June 8th, 2018
Was Facebook careless with the protection of our personal data? This is a question that American Congress and Internet users are trying to find out. After the collection and breach of data, Facebook is accused of having some responsibility in major political upheavals such as the presidential election of Trump and Brexit.
With these charges against Facebook and the questioning of the protection of data on the app, we have to ask, will this affect its users? – Not if Mark Zuckerberg has anything to do with it.
After a #DeleteFacebook campaign and the time spent on the platform already down 50 million hours per day, Facebook is trying to make amends for its data breaches, by releasing a new ad campaign. In an emotive video, the ad recalls the bases of the social network: friends.
“We’re committed to doing more to keep you safe and protect your privacy. So that we can all get back to what made Facebook good in the first place: friends. Because when this place does what it was built for, we all get a little closer.”
Although this video doesn’t hide the fault of the application: spam, fake news and data theft, it is an attempt to be honest and transparent with its community, a community which is gigantic. Used by 2.13 billion people out of a world population of 7 billion, this is an audience, and a responsibility, that I’m sure the platform did not anticipate having to secure and protect back in 2004 when it was founded at Harvard.
The revolt of the digital bounty
A few hours before Zuckerberg’s hearing in Congress, Facebook launched the programme Data Abuse Bounty. The principle: reward Facebook users who report any application that abusively exploits personal data. “Whistleblowers” can be rewarded up to $40,000, a solution that could motivate higher vigilance and in-turn prevent future breaches.
With Facebook at the centre of negative attention, it needs to be careful that this does not spread across to any of its other 50 companies, including its other popular social network, Instagram, which it bought on April 9, 2012, for the sum of $1 million. Avoiding further controversy for the brand, the photo and video sharing application brutally limits its data collected by developers.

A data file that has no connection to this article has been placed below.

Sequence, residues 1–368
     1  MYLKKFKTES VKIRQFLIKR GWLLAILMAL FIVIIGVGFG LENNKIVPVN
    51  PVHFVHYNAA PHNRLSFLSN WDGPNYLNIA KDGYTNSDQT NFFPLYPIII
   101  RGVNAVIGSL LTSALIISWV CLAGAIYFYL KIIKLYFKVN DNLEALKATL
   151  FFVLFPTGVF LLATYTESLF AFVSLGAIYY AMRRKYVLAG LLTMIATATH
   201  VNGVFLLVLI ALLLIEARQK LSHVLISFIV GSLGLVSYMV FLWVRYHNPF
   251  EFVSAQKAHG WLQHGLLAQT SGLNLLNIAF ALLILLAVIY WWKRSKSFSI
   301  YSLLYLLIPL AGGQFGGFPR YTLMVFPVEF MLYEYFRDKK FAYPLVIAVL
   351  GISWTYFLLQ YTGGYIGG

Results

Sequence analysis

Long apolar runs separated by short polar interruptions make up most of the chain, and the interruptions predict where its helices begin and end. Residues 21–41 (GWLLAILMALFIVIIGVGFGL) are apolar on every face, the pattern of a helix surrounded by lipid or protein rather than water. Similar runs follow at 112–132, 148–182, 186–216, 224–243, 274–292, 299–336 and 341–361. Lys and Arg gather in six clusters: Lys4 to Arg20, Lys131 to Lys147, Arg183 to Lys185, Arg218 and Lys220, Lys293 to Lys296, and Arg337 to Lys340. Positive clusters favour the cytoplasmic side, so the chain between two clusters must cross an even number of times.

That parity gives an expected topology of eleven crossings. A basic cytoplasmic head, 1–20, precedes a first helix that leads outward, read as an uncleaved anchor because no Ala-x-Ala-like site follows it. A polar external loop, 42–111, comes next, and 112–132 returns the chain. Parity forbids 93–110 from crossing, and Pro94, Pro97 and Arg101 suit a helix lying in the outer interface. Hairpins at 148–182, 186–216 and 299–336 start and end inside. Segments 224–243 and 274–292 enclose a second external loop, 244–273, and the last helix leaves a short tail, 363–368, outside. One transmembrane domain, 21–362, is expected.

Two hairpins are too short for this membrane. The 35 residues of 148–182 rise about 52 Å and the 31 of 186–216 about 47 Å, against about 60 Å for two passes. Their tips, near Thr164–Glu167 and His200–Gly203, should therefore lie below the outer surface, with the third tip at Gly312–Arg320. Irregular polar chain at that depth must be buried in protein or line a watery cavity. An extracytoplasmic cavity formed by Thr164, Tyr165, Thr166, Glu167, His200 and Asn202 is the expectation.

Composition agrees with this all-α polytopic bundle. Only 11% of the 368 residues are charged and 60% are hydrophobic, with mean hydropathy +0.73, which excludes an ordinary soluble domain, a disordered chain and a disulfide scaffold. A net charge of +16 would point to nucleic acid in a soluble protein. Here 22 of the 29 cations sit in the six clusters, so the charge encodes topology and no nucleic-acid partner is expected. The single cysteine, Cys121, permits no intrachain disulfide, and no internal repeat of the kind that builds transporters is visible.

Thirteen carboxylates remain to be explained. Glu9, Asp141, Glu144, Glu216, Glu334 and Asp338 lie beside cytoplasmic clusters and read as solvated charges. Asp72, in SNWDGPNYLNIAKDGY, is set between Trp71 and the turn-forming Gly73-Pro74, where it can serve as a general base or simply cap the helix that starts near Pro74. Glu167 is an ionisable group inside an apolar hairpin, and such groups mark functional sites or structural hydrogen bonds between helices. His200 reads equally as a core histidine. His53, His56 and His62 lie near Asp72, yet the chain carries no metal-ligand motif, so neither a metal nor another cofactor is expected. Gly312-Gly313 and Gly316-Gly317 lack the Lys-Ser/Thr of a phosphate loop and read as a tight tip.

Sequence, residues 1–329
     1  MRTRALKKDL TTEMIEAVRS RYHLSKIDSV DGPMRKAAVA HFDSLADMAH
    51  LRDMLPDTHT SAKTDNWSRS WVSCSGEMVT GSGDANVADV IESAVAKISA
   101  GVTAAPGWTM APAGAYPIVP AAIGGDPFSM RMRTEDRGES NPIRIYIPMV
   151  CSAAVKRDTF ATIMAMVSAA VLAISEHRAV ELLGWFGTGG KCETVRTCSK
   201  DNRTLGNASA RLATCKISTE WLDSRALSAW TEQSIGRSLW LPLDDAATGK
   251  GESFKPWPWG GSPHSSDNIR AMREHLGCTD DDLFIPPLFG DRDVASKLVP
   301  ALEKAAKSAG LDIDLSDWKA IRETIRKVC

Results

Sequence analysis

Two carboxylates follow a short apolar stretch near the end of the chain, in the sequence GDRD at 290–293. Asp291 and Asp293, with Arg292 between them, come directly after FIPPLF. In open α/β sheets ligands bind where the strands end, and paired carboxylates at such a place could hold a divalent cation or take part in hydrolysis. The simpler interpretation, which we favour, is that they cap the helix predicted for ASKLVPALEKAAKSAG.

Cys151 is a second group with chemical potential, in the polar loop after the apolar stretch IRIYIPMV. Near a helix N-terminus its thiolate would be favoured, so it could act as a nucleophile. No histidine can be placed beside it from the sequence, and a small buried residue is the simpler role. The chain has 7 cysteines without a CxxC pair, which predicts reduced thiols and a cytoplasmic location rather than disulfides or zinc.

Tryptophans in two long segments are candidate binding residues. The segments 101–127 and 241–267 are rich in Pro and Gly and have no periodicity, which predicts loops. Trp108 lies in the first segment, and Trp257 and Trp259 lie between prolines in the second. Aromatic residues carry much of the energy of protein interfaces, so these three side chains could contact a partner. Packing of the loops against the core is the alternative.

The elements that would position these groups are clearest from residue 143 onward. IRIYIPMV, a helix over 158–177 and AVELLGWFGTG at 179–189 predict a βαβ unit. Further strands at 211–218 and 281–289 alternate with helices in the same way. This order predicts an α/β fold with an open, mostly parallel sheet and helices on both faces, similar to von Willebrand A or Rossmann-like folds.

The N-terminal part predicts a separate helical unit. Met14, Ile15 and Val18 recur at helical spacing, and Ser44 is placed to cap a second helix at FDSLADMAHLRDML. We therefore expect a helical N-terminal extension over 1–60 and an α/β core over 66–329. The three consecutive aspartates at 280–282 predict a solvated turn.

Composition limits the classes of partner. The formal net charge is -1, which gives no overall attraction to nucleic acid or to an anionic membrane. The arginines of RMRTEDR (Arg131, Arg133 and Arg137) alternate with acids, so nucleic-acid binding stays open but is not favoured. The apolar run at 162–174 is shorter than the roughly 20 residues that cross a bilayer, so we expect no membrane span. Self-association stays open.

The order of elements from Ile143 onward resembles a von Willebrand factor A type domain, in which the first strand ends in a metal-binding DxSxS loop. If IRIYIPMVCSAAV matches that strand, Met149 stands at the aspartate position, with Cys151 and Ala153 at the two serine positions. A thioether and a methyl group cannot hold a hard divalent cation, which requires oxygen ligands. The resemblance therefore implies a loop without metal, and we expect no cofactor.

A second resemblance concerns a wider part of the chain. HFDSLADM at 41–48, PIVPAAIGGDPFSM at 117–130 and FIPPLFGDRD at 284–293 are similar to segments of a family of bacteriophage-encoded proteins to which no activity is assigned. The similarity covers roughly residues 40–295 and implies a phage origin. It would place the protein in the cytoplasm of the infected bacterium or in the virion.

Google and Apple have also understood the risk, and in a bid not to be caught in the data controversy, they have increased their user privacy and digital wellness, putting distance between themselves and Facebook.
Facebook, dating platform?
Following on from their emotive campaign, and to to avoid the negativity of the Cambridge Analytica case, Facebook is to launch its own dating service.
Taking on Tinder, the simple to use social network will allow users to create a profile and choose what they want to share e.g: photos, a short introductory sentence. The goal of Facebook is not to imitate dating applications like Tinder or Happn with ephemeral relationships, but to build, real, long-term relationships.
The date of launch is not yet known.
Through this scandal, many people felt that Mark Zuckerberg was full of excuses and lacked empathy and credibility, with an apology feeling useless for something that had been going on for years. However, it must also be noted that after noticing the catastrophic turn of events, the group managed to take control of its communication and in order to limit the damage it’s trying to be more honest about its use of data and its privacy policies.
With up and coming new dating features and their honest ad campaign that went back to basics with the basis of Facebook, is it any wonder that Facebook still has more than 2.13 billion active users each month? We look forward to seeing Facebook get back to what it does best, bringing people and friends together, as even when brands evolve, it’s important they never lose sight of their purpose.